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Surplus liquidity of banks grew further in March

Surplus liquidity of the banking sector continued to increase in March, as reflected in a rise in average holdings of two-week MNB bills to a new record high, the National Bank of Hungary (MNB) said on Monday in a release.

The previous all-time high of holdings of the two-week MNB bonds was in February, as a result of a rise of both liquidity in Hungary's banking sector and average central bank external assets on a $2 billion bond issue by the State of Hungary late January.

In March, the average stock of credit institutions’ overnight deposits also rose, after a decline in February. The overnight interbank rate fluctuated near the bottom of the interest rate corridor in March.

Average holdings of two-week MNB bills and the average stock of credit institutions’ overnight
deposits both rose, by HUF 237.1 billion to HUF 3,882.1 billion and by HUF 133.5 billion to HUF 209.9 billion respectively.

By contrast, the average of credit institutions’ outstanding swaps with the central bank fell by HUF 99.9 billion to HUF 235.3 billion.

On the assets side, the stock of external assets fell slightly, b HUF 60.5 billion to HUF 9,015.1 billion.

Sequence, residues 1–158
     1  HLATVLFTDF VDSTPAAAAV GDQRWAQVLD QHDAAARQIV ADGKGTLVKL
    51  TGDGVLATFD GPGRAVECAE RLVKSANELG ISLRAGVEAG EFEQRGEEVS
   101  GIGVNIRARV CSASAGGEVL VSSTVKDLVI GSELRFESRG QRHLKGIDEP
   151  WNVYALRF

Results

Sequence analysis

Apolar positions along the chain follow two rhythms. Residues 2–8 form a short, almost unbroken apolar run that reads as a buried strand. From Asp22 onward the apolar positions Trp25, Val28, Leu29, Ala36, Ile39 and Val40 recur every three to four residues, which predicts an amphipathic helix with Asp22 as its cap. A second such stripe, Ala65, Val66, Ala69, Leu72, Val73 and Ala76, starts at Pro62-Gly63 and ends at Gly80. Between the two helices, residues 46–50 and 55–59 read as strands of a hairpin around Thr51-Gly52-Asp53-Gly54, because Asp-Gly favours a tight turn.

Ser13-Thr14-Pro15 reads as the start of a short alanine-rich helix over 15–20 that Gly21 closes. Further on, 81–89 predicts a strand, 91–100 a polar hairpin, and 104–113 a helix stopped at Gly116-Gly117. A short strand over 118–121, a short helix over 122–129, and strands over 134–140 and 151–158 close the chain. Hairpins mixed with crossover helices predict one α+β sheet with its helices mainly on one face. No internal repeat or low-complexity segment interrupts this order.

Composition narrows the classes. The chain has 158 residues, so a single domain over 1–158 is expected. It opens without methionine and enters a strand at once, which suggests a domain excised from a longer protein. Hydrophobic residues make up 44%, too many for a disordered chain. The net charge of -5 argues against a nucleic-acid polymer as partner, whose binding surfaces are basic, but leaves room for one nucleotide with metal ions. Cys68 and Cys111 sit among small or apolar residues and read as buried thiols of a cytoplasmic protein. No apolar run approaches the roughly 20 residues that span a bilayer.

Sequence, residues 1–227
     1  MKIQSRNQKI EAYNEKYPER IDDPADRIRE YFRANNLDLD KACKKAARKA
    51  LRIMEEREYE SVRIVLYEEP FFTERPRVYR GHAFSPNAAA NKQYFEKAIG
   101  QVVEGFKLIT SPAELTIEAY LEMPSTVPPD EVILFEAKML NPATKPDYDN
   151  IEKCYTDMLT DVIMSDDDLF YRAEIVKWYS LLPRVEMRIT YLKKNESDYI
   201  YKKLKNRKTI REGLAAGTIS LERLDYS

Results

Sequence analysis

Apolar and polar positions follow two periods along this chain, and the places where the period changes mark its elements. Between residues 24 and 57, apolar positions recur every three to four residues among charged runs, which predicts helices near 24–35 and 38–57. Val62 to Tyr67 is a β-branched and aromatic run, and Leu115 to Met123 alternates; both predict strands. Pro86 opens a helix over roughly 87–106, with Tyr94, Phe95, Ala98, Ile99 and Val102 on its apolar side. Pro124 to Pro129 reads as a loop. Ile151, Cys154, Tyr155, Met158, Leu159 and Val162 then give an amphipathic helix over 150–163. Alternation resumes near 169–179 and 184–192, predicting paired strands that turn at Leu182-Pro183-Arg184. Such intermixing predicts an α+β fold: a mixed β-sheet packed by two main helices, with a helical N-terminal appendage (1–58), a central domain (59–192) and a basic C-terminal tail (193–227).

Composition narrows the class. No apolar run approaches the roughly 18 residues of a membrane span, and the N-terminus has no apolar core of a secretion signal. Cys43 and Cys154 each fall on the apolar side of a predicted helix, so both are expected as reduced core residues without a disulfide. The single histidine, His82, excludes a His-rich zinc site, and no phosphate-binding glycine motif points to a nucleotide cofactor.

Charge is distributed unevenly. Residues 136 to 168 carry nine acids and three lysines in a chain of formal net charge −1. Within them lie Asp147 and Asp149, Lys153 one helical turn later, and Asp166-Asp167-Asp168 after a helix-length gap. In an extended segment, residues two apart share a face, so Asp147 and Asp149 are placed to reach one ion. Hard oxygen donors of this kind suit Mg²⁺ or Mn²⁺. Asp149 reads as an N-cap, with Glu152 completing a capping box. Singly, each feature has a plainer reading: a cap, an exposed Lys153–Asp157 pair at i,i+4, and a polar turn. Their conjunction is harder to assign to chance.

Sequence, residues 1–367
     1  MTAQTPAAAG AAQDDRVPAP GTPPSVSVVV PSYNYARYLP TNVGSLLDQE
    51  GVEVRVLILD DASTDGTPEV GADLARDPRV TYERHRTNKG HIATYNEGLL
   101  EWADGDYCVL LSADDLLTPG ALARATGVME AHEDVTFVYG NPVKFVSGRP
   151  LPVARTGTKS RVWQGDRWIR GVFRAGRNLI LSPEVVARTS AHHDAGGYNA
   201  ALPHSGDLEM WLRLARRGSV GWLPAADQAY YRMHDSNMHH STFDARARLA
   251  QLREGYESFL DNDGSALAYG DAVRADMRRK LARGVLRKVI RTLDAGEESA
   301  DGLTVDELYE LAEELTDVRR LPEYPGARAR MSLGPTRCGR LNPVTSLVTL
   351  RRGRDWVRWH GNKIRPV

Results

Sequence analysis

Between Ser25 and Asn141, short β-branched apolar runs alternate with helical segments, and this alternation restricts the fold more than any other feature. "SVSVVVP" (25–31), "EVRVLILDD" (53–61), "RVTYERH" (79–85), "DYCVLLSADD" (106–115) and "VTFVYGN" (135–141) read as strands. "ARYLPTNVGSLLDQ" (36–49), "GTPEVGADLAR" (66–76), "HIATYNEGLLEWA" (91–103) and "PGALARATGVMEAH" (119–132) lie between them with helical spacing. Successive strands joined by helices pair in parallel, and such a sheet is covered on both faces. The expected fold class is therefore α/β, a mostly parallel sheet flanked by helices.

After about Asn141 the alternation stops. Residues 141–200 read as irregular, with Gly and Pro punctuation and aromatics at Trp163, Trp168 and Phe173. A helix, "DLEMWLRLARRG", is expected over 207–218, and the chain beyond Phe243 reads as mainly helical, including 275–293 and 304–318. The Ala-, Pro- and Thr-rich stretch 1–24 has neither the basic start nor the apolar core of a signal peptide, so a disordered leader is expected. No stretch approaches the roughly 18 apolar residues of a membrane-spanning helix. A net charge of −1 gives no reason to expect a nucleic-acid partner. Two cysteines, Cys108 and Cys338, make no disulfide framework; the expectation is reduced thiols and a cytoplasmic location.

Average central government deposits with the MNB decreased by HUF 84.2 billion to HUF 1,305.2 billion, after rising by HUF 262.2 billion in February as the government deposited the proceeds of the USD bond on its accounts with the MNB. End-of-month figures showed that the government spent or converted into forints the bulk of the bond proceeds by the end of February.

As usual, the average of the banking sector’s current account balances with the MNB was only
slightly different in March from its reserve requirements, with the amount of excess reserves being HUF 700 million.

The overnight interbank rate fluctuated near the bottom of the interest rate corridor, except in
the second third of the month, when it approached the central bank base rate. The average stock of currency in circulation fell slightly relative to February, by HUF 19.7 billion to 2,157.6 billion. (MTI-ECONEWS)